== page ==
AMA: Criminal Law Consolidation (Medical Defences – End of Life Arrangements) Amendment Bill 2011

AUSTRALIAN MEDICAL ASSOCIATION (SA) INC
First Floor, 80 Brougham Place, North Adelaide SA 5006

Dear Politician

Re: Criminal Law Consolidation (Medical Defences – End of Life Arrangements) Amendment Bill 2011

The AMA(SA) remains concerned in regard to the latest amendments by Gardner to the Criminal Law Consolidation (Medical Defences – End of Life Arrangements) Amendment Bill 2011 (proposed by Hon Stephanie Key MP).

The amendments propose that prior to patients receiving ‘end of life’ treatment that may hasten death; they are to be reviewed by two independent specialists, one of whom needs to be a psychiatrist.  This is in order to increase the legal defence for a doctor should they face a criminal action.  

The reason this is seen as necessary of course is that the true underlying purpose of the Bill is the loosening of the present access criteria to effective palliative care to allow patients who do not have a terminal illness to receive treatment that may hasten death.

This is seen by the AMA(SA) to amount, on any reasonable objective view, to euthanasia.

The proposal also ironically creates additional barriers to the provision of palliative treatment than presently exists under the current Consent to Medical Treatment and Palliative Care Act.

The only logical reason for this increased ‘defence’ is that the actions and intent of the doctor will become more blurred in the eyes of the public and the legal community, again due to the underlying purpose of the Bill.

The proposed amendments not only present a significant additional burden on patients and the doctors providing care in this area, they are logistically unworkable due to the psychiatric resources in this state.  The psychiatric community would also be loath to be involved in such activity given the obvious difficulties of assessment of patients, many who would present with confusion related symptoms.  The legal risk upon the psychiatrists as a critical part of the decision making clinical team would also be a deterrent.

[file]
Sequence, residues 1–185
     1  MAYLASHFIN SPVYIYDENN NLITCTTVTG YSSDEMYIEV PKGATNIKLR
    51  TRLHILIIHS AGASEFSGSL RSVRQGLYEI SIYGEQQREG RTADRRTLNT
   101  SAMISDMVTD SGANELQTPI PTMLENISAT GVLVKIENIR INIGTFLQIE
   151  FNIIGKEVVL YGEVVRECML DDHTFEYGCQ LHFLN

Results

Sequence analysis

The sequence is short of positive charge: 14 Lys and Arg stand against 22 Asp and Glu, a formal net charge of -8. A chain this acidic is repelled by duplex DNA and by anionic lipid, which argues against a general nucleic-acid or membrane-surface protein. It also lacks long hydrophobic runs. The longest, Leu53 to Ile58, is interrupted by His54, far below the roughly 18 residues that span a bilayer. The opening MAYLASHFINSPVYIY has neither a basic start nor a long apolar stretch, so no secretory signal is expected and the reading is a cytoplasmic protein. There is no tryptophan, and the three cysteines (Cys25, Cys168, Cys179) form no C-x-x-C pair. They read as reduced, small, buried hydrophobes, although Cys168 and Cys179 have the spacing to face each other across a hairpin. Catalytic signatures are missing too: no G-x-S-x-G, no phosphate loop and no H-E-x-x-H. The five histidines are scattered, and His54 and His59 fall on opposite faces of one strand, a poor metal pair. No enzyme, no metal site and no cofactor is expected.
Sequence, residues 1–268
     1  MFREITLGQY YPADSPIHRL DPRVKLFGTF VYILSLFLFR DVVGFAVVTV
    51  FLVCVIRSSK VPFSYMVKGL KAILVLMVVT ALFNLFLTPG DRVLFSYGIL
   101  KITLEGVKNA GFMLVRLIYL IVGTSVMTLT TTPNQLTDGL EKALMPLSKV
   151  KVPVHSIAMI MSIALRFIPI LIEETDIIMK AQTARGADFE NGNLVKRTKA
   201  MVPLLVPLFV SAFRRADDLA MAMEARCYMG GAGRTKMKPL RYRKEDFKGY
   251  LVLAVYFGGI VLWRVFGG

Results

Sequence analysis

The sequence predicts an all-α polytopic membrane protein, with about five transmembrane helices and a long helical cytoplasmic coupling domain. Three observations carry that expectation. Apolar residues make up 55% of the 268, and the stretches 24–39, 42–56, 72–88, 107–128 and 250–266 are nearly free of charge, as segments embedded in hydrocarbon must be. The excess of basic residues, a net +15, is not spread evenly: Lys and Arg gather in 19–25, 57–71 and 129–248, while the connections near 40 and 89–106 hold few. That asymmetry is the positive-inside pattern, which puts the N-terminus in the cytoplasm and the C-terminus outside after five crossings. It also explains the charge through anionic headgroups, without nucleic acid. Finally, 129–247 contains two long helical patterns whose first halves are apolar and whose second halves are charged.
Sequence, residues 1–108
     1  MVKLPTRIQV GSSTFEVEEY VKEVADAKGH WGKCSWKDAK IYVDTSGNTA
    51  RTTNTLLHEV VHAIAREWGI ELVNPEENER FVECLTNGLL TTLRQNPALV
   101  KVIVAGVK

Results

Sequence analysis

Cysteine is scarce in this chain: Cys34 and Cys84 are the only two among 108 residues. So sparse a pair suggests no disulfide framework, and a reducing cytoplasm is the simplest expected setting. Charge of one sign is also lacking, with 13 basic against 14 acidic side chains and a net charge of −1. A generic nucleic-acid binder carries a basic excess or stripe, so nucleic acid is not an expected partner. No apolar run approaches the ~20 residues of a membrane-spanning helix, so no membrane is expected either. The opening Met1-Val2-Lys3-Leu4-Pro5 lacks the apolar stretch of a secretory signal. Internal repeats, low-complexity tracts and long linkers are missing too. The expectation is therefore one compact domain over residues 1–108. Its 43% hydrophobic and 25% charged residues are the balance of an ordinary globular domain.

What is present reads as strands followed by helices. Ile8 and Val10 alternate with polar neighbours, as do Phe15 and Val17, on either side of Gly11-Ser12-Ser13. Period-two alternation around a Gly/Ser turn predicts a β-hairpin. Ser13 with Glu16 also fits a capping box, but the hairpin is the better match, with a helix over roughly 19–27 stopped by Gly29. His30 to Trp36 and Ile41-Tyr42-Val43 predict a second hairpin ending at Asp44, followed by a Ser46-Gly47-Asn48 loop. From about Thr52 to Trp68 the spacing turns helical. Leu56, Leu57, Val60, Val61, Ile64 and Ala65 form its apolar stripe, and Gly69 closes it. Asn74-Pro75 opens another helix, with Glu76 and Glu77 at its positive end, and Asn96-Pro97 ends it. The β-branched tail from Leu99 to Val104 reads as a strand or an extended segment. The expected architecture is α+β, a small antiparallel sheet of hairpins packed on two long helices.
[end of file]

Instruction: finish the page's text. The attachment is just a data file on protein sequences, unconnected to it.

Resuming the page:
The AMA(SA) has previously stated the Bill needs to be debated under its true purpose of allowing euthanasia and clearly differentiated from palliative care. The amendments if accepted will be a deterrent to many doctors being involved in palliative care.

The AMA(SA) supports the principles of patients having access to high quality palliative care.

We support the autonomy of doctors to provide this treatment free from the risk of being accused of aiding and assisting suicide, conducting manslaughter, or partaking in any other form of criminal activity where death is hastened as a result of quality palliative treatment.  We support the privacy of the patient – doctor relationship and engagement with their families at the time of discussing treatment.  We support legislation that supports these principles in the domain of palliative care.

In summary, this remains a Euthanasia Bill that will damage palliative care in South Australia and the AMA(SA) opposes it.

Yours sincerely

Peter Sharley
President

 

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